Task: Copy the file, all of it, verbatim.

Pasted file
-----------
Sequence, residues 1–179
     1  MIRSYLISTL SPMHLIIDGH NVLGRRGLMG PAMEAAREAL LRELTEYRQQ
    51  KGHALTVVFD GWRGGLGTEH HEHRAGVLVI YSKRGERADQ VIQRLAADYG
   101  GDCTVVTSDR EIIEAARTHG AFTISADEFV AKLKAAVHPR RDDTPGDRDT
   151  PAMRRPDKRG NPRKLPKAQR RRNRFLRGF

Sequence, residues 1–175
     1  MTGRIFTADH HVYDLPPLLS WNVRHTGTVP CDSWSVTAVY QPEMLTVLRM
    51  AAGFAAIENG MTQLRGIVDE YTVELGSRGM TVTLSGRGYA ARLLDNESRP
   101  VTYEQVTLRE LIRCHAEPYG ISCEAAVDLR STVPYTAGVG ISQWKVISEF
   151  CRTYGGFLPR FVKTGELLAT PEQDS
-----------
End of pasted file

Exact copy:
Sequence, residues 1–179
     1  MIRSYLISTL SPMHLIIDGH NVLGRRGLMG PAMEAAREAL LRELTEYRQQ
    51  KGHALTVVFD GWRGGLGTEH HEHRAGVLVI YSKRGERADQ VIQRLAADYG
   101  GDCTVVTSDR EIIEAARTHG AFTISADEFV AKLKAAVHPR RDDTPGDRDT
   151  PAMRRPDKRG NPRKLPKAQR RRNRFLRGF

Sequence, residues 1–175
     1  MTGRIFTADH HVYDLPPLLS WNVRHTGTVP CDSWSVTAVY QPEMLTVLRM
    51  AAGFAAIENG MTQLRGIVDE YTVELGSRGM TVTLSGRGYA ARLLDNESRP
   101  VTYEQVTLRE LIRCHAEPYG ISCEAAVDLR STVPYTAGVG ISQWKVISEF
   151  CRTYGGFLPR FVKTGELLAT PEQDS